Spy Sweeper from Webroot Software is one of many spyware-removal utilities on the market, and, according to Webroot, it offers you a "sophisticated database of spyware definitions, the power to disable spyware, and the knowledge you need to analyze your risks." Does it live up to these claims? Can it convince me to switch from my longtime spyware-removal favorite Ad-aware from Lavasoft? As an IT support pro, should I recommend this product to my users instead of Ad-aware 6 Personal? Let's find out.
Acquiring and installing Spy Sweeper
Spy Sweeper will run on Windows 98, NT4, Me, 2000, and XP. It requires a 150-MHz processor or better, 15 MB of free hard drive space, at least 32 MB of RAM, and a CD-ROM drive if you want to install it using a CD. It was easy to get my hands on a trial copy of Spy Sweeper by downloading the 1.33 MB installation file from Webroot's downloads page. Although the downloads page said the installation file was 2.2 MB, the file I retrieved was only 1.33 MB. I'm not sure why there was a difference, but the file I downloaded installed properly so I assumed the information on the Web site hadn't been updated.
This brought me to my next question: How long can I use my trial copy of Spy Sweeper? Webroot's download page simply stated that I could use my fully functional trial software for a "limited time." It never specified whether this meant 30 days (as is typical of many trial software periods) or 30 years. I even read through the Spy Sweeper License agreement and was unable to come up with an answer. That left me with only one option: Call Webroot for more information.
I spoke with a very helpful and pleasant individual in Webroot's sales department who told me that the trial version of Spy Sweeper would work indefinitely, but that neither the spyware definitions nor the program itself could be updated. To update the software, I'd need to purchase a subscription: $29.95 for one year and $39.95 for two years. With that question answered, I was ready to install the software.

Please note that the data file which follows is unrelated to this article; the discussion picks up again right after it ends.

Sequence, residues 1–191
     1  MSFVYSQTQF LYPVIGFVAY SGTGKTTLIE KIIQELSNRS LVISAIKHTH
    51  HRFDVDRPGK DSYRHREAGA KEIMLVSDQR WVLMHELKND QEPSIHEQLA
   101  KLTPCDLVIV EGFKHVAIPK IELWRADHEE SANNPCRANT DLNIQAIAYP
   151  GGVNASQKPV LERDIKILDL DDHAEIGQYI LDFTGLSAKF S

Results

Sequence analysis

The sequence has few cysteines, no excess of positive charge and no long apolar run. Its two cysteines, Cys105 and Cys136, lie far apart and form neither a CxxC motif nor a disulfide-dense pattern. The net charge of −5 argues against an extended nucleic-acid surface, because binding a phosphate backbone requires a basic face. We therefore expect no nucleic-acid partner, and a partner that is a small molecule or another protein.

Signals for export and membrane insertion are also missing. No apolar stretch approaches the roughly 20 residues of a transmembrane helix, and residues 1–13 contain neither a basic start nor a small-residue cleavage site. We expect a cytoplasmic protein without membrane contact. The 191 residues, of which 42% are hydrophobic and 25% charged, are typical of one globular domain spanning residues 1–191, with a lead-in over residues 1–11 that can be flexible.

Installing Spy Sweeper was quick and easy. I double-clicked the installation file and proceeded through the installation wizard. As with most installation wizards, this one asked me to choose a path for the installation, to accept the EULA, to choose a location for the program shortcut, and a few other standard questions. Near the end of the installation process, the wizard also asked me to activate my copy of Spy Sweeper by providing my e-mail address.
I assumed that this "activation" screen was merely used to collect e-mail addresses for marketing purposes, so I decided to skip it and finish the installation. Once the installation finished, I closed the wizard and ran Spy Sweeper by clicking its icon from the Start menu. Being that this was the first time I had run Spy Sweeper, I was asked to update my spyware definitions, as shown in Figure A. I clicked Yes, and the updating process proceeded normally. This would be the only time I'd be able to update the spyware definitions. When I tried to do so at a later date, I was prompted to purchase a subscription, as the sales representative said I would be.
|When you run Spy Sweeper for the first time, it automatically updates your spyware definitions.|
Updating the spyware definitions took only a few moments, and once that process was complete, Spy Sweeper's main screen, shown in Figure B, appeared.
|Spy Sweeper's main screen allows you to take a variety of spyware-removal actions and easily access program options.|